By 2050, the challenges facing humanity will be lost or won in cities. By then, nearly 70% of the world’s population will live in cities, against 50% now. Increased urbanisation is already causing infrastructure headaches for cities which will only get worse. This is driving the creation of smart cities, a market that will be worth $833bn by 2030, according to GlobalData estimates.
Listed below are the top technology trends in smart cities, as identified by GlobalData.
Smart cities increase the perceived risk of cyberattacks on critical infrastructure. Over 40 US towns and cities suffered attacks in 2019, with Baltimore a notable casualty. It was attacked through ransomware, which shut down the majority of the city’s servers and some government applications. The increasing connectedness within smart cities means that the impact of attacks could be devastating. Atlanta was attacked in 2018 and found putting things right to be expensive. A not-for-profit initiative, Securing Smart Cities, hopes to increase collaboration between cities, companies, governments, other not-for-profit initiatives, and individuals around the world as a defense against cyberattacks.
There is plenty of noise about digital twins becoming a crucial tool of a smart cities. A digital twin is a digital representation of a physical asset that promises a single source of the truth. They can be combined to build an in-depth view of entire systems. This covers everyting from traffic to the impact of construction and roadworks. Singapore is one of the most advanced adopters of digital twins. Industrial automation vendors will continue to promote their view of why their product is the first-born digital twin. 2020 will see more companies announce a greater return on investment (ROI) on digital twin projects.
The risks and opportunities of AI
AI and ML adoption will bring both risks and opportunities for smart cities, but few are ready for the societal impact of either technology. A September 2019 study by the Oliver Wyman Forum analysed 105 cities worldwide using four criteria: the quality of their planning and preparation for the impact of AI; the ability to execute; the quality of talent and education; and the city’s overall momentum. The forum examined 250 city vision and planning documents and found that most cities do not address major societal changes driven by AI and other technologies. They focus on smart city developments and on opportunities, but mainly ignore or downplay risks. Singapore was rated the best prepared, most notably in its understanding of AI risks. London followed, while New York, San Francisco, and Paris rounded out the top five.
Legal disputes slow 5G rollout
5G connectivity is being talked up as the catalyst that will create smarter cities. It is faster than 4G, has wider data bandwidth, and lower latency which should positively impact the digital experience. Yet 5G take-up has been patchy. There has been traction in Asia, notably in South Korea, but progress in some parts of the US and in European cities has been slower. The US Federal Communications Commission (FCC) has tried to ramp up local city adoption, accelerating approval times and capping the fees cities can charge telecoms companies to install small 5G cells on city-owned lampposts, traffic signals, or other street furniture. However, in August 2019 the US Court of Appeals unanimously ruled against aspects of the FCC’s plan to speed up deployment of 5G infrastructure.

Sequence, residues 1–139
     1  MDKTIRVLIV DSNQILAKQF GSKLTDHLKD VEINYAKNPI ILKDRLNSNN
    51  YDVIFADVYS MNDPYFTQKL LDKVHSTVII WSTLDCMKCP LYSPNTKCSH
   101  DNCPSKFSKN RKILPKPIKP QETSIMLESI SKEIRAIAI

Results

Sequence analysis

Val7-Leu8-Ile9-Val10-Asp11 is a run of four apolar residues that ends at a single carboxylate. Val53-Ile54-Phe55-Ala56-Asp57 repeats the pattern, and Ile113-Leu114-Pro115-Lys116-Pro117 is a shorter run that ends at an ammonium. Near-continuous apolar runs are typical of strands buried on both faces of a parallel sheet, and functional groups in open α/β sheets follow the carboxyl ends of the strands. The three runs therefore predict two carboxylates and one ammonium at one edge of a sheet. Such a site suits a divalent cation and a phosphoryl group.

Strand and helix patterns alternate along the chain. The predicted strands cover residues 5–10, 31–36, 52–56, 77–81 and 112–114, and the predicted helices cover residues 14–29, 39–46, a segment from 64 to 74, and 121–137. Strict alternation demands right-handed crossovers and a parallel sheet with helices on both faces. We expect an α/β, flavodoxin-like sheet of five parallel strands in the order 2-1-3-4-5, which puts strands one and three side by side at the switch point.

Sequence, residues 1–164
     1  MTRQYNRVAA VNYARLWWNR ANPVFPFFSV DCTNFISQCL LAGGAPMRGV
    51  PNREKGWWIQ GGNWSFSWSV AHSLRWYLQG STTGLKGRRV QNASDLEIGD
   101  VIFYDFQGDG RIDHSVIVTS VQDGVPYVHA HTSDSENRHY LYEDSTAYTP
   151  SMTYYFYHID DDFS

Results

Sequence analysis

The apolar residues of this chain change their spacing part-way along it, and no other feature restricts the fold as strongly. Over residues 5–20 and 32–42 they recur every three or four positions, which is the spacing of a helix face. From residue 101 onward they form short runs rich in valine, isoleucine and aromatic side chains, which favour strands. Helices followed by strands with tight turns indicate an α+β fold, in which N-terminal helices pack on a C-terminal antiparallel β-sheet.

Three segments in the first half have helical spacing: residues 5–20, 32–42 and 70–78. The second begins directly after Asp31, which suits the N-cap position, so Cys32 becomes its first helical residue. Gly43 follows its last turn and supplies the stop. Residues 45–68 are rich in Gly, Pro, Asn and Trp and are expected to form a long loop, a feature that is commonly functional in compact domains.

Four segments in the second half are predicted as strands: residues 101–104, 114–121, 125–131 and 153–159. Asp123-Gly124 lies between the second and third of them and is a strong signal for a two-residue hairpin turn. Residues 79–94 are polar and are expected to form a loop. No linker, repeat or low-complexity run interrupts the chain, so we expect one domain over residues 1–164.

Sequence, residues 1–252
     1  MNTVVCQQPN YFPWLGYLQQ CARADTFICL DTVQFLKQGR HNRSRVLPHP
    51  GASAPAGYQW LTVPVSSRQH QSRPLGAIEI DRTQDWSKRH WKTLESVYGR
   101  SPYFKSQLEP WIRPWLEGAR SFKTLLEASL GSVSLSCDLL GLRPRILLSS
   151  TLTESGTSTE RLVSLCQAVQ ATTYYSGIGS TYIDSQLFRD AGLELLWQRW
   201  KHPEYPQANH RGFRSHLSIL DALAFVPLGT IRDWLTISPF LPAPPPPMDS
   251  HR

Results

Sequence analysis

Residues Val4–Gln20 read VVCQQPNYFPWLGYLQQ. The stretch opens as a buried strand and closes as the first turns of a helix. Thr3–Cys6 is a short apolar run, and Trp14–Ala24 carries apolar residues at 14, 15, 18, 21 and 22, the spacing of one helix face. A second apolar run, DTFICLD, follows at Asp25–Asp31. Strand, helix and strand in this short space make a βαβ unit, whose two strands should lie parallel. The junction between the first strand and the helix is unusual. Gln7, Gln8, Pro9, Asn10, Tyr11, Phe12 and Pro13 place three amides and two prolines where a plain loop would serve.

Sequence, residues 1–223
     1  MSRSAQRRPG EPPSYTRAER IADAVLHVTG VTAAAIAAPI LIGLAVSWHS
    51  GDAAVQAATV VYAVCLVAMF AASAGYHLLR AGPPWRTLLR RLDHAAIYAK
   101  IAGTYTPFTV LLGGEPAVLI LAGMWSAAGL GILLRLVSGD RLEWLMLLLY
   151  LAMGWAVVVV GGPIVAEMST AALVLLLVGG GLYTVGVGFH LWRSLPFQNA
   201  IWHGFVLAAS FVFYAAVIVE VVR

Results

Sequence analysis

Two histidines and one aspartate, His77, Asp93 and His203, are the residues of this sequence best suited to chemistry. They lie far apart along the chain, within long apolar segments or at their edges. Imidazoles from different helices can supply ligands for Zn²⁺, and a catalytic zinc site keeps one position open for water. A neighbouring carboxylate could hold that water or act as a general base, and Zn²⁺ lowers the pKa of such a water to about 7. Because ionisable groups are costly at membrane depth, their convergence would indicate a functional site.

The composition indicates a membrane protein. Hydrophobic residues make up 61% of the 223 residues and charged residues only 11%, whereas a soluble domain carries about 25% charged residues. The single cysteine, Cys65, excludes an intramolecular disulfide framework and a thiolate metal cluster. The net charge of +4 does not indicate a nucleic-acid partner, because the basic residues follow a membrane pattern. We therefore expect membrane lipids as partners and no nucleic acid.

Smart cities with ambitions to improve services such as traffic management, air quality, and city planning will rely on interoperable IoT, but that won’t happen quickly and no single city will drive an evolving standard. City networks have evolved bit by bit rather than being designed. Somehow, against the odds, the networks work effectively, but not as efficiently as they should. The challenge for cities is to integrate older data into cloud services, introduce mobility, waste management, energy, air pollution, social services, and e-health solutions, manage a ‘babel’ of data storage protocols, and grow departmental collaboration, all with constant downward pressure on budgets
A September 2019 report by the Carnegie Endowment for International Peace found that at least 75 countries around the world, from the US to Brazil, Germany, India, and Singapore, are now using AI tools, including computer vision, to monitor citizens’ activities. Huawei’s technology is most used, by 50 countries, with IBM’s used by 11 nations. There is a strong possibility of a backlash against smart city technology if citizens believe a surveillance culture is being implemented, using the threat of crime or terrorism as an excuse.
This is an edited extract from the Smart cities – Thematic Research report produced by GlobalData Thematic Research.